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WHEREAS Alberta continues to experience tremendous growth and a robust economy along the Highway 2 corridor which benefits Alberta and rural municipalities along this major transportation route; and
WHEREAS the Government of Alberta has committed to working with rural communities to ensure they have the tools and environment necessary to prosper; and
WHEREAS the Alberta Government released a report on a market assessment study of potential high-speed rail service in the Calgary-Edmonton; and
WHEREAS the report notes a potential high level alignment map which shows two options:
1. Following the existing CPR alignment; and
2. A new route which appears to follow Highway 2.
WHEREAS potential crossings pose a serious safety concern and public liability if not placed in an appropriate area with alternative options for traffic which are not at the expense of the rural tax payers; and
WHEREAS the municipalities have planned growth along Highway 2 corridor which could be jeopardized by the alignment, thus losing the opportunity for municipalities to diversify their tax base,
THEREFORE BE IT RESOLVED that the Alberta Association of Municipal Districts and Counties activate the Standing Committee on Transportation to study the potential impacts on the rural areas which may be affected by the high speed rail, including but not limited to growth areas and access management, and that Alberta Urban Municipalities Association be requested to take part in the study.
On July 6, 2009 the Alberta Government released a report on a market assessment study of potential high-speed rail service in the Calgary-Edmonton corridor. A federal Standing Committee on Transport, Infrastructure and Communities is gathering information for its national study on High-Speed Rail in Canada. Alberta has been asked to provide the high-speed rail report to the Committee, which will reconvene in September.
The study, reviewed the ridership, revenues and demand for high-speed rail service within the corridor. It also compared the costs and advantages of four different high-speed train technologies:
– 200 km/hr diesel electric train;
– 240 km/hr jet or electric train;
– 320 km/hr overhead electric train; and
– 500 km/hr magnetic levitation train.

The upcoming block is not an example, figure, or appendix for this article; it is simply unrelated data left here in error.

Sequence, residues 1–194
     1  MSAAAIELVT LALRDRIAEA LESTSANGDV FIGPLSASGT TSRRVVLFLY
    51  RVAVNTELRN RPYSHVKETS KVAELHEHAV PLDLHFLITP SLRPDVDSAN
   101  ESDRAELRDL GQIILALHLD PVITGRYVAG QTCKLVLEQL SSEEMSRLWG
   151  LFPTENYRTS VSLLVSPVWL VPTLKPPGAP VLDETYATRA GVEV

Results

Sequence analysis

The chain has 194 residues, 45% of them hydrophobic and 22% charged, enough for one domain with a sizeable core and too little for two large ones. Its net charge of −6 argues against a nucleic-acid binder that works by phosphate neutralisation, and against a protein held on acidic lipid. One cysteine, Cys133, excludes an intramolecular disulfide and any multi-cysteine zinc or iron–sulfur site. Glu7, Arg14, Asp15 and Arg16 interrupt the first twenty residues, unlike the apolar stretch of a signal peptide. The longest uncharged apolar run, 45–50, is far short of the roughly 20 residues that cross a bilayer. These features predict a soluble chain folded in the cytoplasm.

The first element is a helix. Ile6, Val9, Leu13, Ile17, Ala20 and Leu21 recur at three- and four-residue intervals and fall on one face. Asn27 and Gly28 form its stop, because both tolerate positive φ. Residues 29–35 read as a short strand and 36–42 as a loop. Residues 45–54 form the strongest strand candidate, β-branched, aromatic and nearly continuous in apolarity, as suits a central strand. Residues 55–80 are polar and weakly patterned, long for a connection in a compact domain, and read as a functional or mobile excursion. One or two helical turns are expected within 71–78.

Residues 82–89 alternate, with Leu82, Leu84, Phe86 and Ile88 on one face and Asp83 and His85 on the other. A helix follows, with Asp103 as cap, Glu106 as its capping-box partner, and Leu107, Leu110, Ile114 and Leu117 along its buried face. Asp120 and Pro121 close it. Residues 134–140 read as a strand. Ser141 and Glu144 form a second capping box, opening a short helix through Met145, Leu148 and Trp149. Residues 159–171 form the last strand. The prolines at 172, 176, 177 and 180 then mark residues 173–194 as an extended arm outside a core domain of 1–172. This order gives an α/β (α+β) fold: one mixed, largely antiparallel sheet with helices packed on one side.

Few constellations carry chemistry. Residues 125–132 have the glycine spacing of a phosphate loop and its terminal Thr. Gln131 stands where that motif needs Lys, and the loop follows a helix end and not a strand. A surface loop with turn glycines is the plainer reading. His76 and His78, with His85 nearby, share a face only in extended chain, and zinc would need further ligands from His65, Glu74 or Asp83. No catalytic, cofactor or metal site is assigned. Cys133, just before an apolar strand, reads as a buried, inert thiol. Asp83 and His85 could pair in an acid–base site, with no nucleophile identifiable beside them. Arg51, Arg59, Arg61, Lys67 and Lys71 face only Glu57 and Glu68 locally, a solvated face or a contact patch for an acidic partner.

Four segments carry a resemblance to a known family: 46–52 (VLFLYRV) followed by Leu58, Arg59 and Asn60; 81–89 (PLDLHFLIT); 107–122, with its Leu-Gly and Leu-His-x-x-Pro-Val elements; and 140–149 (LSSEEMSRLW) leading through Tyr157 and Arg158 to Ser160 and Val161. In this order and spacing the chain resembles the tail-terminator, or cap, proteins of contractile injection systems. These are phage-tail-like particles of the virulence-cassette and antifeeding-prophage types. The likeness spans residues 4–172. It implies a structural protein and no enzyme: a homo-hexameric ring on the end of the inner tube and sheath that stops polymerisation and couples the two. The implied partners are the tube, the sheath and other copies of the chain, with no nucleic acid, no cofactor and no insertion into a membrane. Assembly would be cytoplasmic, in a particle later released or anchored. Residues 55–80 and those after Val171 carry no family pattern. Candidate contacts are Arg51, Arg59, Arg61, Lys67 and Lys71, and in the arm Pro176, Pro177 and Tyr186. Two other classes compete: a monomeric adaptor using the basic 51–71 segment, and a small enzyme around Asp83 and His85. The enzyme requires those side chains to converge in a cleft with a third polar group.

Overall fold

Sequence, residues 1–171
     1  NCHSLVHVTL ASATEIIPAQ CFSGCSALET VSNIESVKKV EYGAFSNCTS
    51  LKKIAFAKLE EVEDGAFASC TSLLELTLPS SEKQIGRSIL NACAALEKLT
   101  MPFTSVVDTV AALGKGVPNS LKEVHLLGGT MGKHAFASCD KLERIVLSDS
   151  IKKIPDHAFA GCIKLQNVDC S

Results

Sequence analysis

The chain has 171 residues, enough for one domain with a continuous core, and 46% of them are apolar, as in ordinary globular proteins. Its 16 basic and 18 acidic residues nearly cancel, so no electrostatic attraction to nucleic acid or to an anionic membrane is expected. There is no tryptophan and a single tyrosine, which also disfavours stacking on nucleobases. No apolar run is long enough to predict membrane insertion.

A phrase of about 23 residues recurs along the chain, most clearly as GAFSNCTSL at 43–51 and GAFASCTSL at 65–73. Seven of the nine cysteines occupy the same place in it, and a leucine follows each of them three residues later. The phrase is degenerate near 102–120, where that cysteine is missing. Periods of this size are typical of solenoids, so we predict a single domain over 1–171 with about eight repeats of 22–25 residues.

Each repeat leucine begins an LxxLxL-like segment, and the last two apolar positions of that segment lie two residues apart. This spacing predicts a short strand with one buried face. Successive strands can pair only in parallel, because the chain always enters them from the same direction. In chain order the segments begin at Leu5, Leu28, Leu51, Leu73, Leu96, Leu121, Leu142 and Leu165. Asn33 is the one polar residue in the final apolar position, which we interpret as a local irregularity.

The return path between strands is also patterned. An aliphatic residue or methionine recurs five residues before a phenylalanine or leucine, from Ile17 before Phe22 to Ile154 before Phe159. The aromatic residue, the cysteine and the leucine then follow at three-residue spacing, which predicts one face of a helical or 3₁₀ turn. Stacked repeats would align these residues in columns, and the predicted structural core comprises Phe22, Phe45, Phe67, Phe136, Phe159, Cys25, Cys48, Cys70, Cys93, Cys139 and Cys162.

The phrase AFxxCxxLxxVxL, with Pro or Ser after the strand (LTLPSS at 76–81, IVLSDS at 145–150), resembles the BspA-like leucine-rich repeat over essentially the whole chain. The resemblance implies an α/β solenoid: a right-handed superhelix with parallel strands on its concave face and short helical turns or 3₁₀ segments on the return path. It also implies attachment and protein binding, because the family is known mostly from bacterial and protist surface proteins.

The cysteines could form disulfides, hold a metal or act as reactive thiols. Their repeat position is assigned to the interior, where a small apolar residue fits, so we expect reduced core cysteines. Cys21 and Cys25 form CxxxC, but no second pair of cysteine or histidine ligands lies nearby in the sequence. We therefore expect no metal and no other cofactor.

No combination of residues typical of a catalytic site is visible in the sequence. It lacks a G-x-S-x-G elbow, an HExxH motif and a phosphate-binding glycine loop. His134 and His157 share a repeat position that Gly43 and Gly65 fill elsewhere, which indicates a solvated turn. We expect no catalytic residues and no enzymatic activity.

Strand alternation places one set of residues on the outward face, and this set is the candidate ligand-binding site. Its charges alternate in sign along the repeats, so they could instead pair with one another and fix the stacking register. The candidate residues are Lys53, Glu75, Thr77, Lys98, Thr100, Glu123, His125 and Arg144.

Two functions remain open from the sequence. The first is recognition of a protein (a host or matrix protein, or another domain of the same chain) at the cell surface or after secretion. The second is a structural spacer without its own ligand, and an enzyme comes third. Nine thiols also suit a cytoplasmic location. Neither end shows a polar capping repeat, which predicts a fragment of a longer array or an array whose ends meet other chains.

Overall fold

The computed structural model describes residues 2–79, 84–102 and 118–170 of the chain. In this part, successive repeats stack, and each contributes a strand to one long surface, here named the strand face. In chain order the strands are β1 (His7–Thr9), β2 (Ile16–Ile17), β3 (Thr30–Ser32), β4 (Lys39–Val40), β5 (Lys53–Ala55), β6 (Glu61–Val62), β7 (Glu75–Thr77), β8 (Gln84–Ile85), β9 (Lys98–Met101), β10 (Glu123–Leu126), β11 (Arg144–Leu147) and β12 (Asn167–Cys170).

The report indicates that nearly 10 million passenger trips took place in the Calgary-Edmonton corridor in 2006. Of these passenger trips, 91 per cent were made by automobiles, about six per cent by air and three per cent by bus. The average annual growth rate in the corridor has been more than three per cent annually over the past decade. Given the projected growth of the overall travel market in the Calgary-Edmonton corridor, it is estimated that high-speed rail ridership would increase by about 35 per cent from 2021 to 2031, and by about 43 per cent from 2031 to 2051.
Three options were reviewed regarding potential stops:
No-Stop Scenario: Express downtown Edmonton to downtown Calgary;
One-Stop Scenario: Adds a stop at Red Deer; and
Three-Stops Scenario: Adds suburban Edmonton and Calgary stops.
The report makes no recommendations regarding the feasibility of high-speed rail or future government involvement in such a project. However, it is the Government’s aim to look at different options for providing the infrastructure required to support Alberta’s economy and communities.
The Alberta government will continue to assess options on next steps regarding high-speed rail and will await the Standing Committee on Transport, Infrastructure and Communities’ final report. As such, no decisions have been made regarding the implementation of high-speed rail in Alberta.
Within the report a potential high level alignment map has been provided which shows two options:
Following the existing CPR alignment; and
A new route which appears to follow Highway 2.
It is unlikely that the existing CPR line will be utilized for a number of reasons such as structure stability and the number of urban municipalities it would traverse through. The more likely scenario would be a new dedicated line. Should this line be routed through our growth centres it would drastically restrict our overall growth and development strategy. In addition, the alignment will also affect our road infrastructure as crossings will most likely be very limited. Therefore, it is important that the issue regarding solutions such as flyovers are considered and that the financial burden not rest with the municipality.
Full details on the high speed rail is available at www.transportation.alberta.ca/3940.htm
In addition, the Government of Alberta has publicly noted the importance of rural Alberta and has committed to working with rural communities to ensure they have the tools and environment necessary to prosper. As such, it is imperative that the rural concerns form an integral part of the evaluation of High Speed Rail in Alberta as it will have the most significant impact on our municipalities.
Full details on the A Place to Grow – Rural Development Strategy Progress Report is available at:
The impact of moving forward to high speed rail will affect all of Alberta. There are significant costs associated with construction of this magnitude. With a significant invest such as this, it would be likely that the standards set for this rail will be utilized for other rail options for other areas of the Province.
The AAMDC has no current resolutions directly related to this issue.
The AAMDC Standing Issues Committee on Resources and Environment spent the summer of 2010 working with a consultant to develop a study on the rural impacts of high speed rail. The final report was made available to the membership during Fall 2010 and has been submitted to Alberta Transportation for their consideration.